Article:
Kenneth Bader

Assistant Professor of Radiology

Education

Undergraduate: BS, Physics, Grand Valley State University, 2005
Doctorate:  PhD, Physics, University of Mississippi, 2011

Service/Awards

  • Member, Advisory Editorial Board, Ultrasound in Medicine and Biology
  • Member, Biomedical Acoustics Technical Committee, Acoustical Society of America, 2011-Present
  • Member, Physical Acoustics Technical Committee, Acoustical Society of America, 2005-Present
  • Excellence in Outreach Award, Sigma Xi, 2016
  • Focused Ultrasound Foundation Award (319R1), 2014-2015

Research Interests

Deep vein thrombosis is a debilitating condition that can require rapid intervention to prevent amputation of the affected limb or death. Standard interventional approaches are not effective for older, chronic thrombi, characteristic of those found in deep vein thrombosis. Histotripsy is a novel form of therapeutic ultrasound that employs the mechanical action of oscillating cavitation bubbles to ablate thrombi. Preliminary data from Dr. Bader demonstrates that the thrombolytic recombinant tissue plasminogen activator acts synergistically with histotripsy pulses to provide enhanced thrombolysis in a highly retracted venous clot in vitro. Further studies will elucidate the efficacy and potential risks of histotripsy to ablate venous thrombosis, and provide new information to assist the development of targeted ablation methods to improve thrombolysis in the treatment of currently intractable deep vein thrombosis.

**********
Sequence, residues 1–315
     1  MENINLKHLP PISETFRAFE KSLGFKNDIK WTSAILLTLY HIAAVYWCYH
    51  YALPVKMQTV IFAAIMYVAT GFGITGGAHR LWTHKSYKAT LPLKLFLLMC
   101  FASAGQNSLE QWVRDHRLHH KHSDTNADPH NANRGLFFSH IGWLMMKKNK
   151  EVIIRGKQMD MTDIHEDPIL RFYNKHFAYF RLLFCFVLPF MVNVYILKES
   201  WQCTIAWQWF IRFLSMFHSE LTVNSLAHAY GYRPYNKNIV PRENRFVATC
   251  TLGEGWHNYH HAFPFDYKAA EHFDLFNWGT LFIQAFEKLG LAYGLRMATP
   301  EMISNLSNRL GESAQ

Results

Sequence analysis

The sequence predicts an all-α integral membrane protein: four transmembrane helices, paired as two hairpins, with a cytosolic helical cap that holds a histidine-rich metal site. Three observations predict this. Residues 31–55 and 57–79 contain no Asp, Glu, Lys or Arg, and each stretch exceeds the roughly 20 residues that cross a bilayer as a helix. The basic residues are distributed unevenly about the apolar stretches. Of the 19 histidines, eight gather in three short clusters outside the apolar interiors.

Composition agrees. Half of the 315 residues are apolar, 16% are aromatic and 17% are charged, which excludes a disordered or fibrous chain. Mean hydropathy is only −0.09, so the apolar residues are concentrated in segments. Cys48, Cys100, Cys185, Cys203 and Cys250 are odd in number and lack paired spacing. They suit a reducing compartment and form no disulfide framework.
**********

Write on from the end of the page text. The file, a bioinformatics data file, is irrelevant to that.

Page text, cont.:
Tissue ablation through the mechanical action of cavitation produces minimal thermal deposition. Thus, conventional techniques to monitor the treatment progress, such as magnetic resonance thermometry, fail for histotripsy. Emissions from the cavitation serve as a surrogate for the mechanical action of the cavitation. The amplitude of these emissions can be mapped with passive ultrasound, termed Passive Cavitation Imaging (PCI). Our preliminary data demonstrate that PCI is significantly more accurate and sensitive to mechanical ablation than B-mode ultrasound imaging. Combining PCI with magnetic resonance imaging would allow real-time monitoring of the cavitation and liquefaction of the target tissue.